May 19, 2021
Adapting working practices through the coronavirus pandemic has obviously been the recent focus of the construction sector, but whilst this crisis will hopefully fade through the vaccination programme, there remains the ever-present issue of the growing skill shortage. Aging workforce, competition from perceived ‘more interesting’ careers and the low attraction of the construction sector all play a part in this skill shortage, so it’s hardly surprising that the Royal Institute of Chartered Surveyors (RICS) believes that more than 200,000 skilled workers will be needed by the mid-2020s.
There are many ways to tackle this issue and the British Drilling Association (BDA), along with pretty much all industry bodies, are taking steps to address this, and whilst the steps are small, progress is being made and there are signs for optimism. However, as much as there is a job to recruit more young people into the sector, there is also a need to retain those already within the industry as well as widen diversity and inclusivity, so the sector truly reflects the national demographic.
One way of achieving this is through mentoring and there is good evidence to support it. A survey reported by the UK Human Resource Directors found some 28% of those polled said they wanted some form of mentoring to progress through their careers. The survey went on to comment about how few knew how to access mentoring programmes or that they even existed.
Clearly there is a place for mentoring, as it directly passes knowledge and experience to those young people beginning or progressing through their chosen career, but indirectly research has shown it has a positive role in addressing gender representation issues, particularly in fields with less female role models such as construction. In addition to addressing the gender gap mentoring has been shown to help also encourage other underrepresented groups such as LGBT+ and Black, Asian, and Minority Ethnic (BAME) communities into the construction sector. As well as the recognised benefits a diverse workforce can bring to a business, such as higher productivity, employee retention, wider talent pool, better understanding of the customer base and greater innovation, it can also impact positively on the bottom line. In fact, a recent McKinsey report [Diversity wins: How inclusion matters, May 2020] found that companies who focus the most on racial and ethnic diversity are 36% more likely to have financial returns that are above average for their industry.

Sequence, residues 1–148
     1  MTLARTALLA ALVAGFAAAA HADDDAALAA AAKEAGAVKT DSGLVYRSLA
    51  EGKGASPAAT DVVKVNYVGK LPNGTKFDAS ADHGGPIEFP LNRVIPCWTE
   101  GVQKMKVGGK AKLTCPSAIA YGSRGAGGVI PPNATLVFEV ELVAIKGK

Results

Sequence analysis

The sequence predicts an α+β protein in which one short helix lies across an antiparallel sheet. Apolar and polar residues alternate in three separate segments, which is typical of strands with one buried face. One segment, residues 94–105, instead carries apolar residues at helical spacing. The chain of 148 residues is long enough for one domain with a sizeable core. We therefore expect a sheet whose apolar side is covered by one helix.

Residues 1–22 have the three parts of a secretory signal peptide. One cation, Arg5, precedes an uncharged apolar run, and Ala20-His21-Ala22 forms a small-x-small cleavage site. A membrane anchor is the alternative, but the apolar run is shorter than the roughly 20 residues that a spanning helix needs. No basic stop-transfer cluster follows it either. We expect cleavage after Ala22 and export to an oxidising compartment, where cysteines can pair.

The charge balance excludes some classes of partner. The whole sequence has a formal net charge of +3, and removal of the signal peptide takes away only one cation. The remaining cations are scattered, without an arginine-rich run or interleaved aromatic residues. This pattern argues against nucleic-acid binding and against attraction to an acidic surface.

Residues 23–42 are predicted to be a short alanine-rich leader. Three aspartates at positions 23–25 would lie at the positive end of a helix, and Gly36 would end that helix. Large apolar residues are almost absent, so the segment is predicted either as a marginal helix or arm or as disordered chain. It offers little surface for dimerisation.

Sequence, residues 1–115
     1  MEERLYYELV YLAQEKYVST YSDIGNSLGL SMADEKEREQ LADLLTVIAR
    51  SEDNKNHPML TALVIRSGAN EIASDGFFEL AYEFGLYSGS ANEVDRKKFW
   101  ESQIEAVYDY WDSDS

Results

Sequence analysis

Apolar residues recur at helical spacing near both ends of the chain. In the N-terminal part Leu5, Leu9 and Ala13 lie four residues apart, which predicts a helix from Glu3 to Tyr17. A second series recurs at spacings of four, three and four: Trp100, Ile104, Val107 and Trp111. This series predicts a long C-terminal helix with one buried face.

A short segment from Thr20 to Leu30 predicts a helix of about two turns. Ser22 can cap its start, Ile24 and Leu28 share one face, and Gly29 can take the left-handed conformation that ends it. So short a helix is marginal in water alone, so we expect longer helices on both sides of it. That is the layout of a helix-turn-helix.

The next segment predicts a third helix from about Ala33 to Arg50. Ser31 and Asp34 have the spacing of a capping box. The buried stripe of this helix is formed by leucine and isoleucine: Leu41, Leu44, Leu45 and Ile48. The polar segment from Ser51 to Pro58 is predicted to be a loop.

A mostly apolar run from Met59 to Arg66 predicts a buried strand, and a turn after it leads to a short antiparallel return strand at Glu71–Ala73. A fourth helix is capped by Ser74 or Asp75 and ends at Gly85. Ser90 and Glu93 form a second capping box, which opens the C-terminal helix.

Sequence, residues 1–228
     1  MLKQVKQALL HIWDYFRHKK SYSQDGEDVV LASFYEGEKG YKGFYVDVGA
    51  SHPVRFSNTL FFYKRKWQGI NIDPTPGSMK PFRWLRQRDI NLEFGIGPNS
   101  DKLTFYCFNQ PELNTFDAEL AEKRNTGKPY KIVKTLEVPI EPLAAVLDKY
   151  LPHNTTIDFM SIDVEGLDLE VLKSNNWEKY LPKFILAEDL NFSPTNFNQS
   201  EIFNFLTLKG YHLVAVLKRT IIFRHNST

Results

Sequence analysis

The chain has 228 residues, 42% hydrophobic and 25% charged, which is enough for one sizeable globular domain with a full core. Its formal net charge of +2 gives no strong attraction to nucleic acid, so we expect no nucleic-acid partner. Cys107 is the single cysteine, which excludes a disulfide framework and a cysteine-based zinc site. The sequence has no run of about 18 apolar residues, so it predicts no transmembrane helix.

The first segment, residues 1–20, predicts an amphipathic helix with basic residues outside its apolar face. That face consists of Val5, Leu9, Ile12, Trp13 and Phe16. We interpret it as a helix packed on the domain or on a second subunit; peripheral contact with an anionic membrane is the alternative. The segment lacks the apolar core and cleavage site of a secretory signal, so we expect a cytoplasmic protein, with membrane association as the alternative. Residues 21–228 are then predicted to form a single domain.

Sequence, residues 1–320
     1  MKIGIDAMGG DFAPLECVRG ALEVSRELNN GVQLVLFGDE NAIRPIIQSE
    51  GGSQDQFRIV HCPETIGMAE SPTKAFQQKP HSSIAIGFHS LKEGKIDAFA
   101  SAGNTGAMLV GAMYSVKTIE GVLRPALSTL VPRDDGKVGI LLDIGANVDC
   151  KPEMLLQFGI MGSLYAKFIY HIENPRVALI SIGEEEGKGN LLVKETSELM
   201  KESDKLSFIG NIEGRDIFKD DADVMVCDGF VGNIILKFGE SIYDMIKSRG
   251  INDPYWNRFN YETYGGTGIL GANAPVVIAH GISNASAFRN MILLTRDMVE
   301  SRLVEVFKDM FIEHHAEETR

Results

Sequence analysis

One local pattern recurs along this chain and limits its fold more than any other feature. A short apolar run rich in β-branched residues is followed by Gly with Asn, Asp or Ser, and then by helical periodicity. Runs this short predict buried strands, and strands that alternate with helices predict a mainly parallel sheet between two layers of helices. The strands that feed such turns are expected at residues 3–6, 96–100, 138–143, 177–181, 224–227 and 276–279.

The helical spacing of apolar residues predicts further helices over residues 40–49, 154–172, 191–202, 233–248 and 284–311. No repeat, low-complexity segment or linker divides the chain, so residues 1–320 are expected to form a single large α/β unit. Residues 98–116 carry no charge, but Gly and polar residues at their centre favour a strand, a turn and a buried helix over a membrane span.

Against this backdrop of growing evidence, the BDA is pleased to add its support to Ground Forum’s (GF) mentoring scheme, an initiative established by the Federation of Piling Specialist (FPS) and passed to GF for wider reach. The scheme is designed to directly support the goal of increasing the number of presently underrepresented groups within the construction sector, as well as retain those already within it.
The GF mentoring programme has attracted mentors from all sectors of the ground engineering industry that not only feel passionate about construction but have a willingness to pass on a real-world perspective on the geotechnical sector. These mentors have been partnered with typical mentees, which in the first instance includes students at university that have expressed an interest in the sector; those early in their careers; those experienced persons who would benefit from a little encouragement to re-capture their interest through to site operatives seeking more general support.
To-date, some 60 mentees and mentors have been partnered-up through STEER Support & Mentoring CIC, to great success: ground engineering professionals from across the sector teamed up with students from Universities including, Portsmouth, Loughborough, Bradford, Leeds, Brunel, Hertfordshire, and Bath, with ground engineering industry professionals, but this is just a start. The long-term goal of the initiative is to widen the scheme to engage with a broader spread of mentees and even to those at school level, albeit in a different form, to elevate construction and the ground engineering specialisms higher on the list of career options.
Although hundred recently my social distancing, the scheme provides for work experience, which is essential for those considering a career in ground engineering, as nothing beats real-world in highlighting the rewards such a career can offer. With the support of many companies, including those of the BDA, more mentoring and work experience opportunities will be available, and coupled with GF’s intention to provide interview training and CV workshops, the scheme looks set to grow considerably.
The BDA is proud to support this scheme and whilst it may not solve immediately the shortage of skills of the construction sector, it is a very big step towards its solution and in making construction a more diverse, inclusive and attractive sector to work in.
Author: Richard Fielden, Chair, British Drilling Association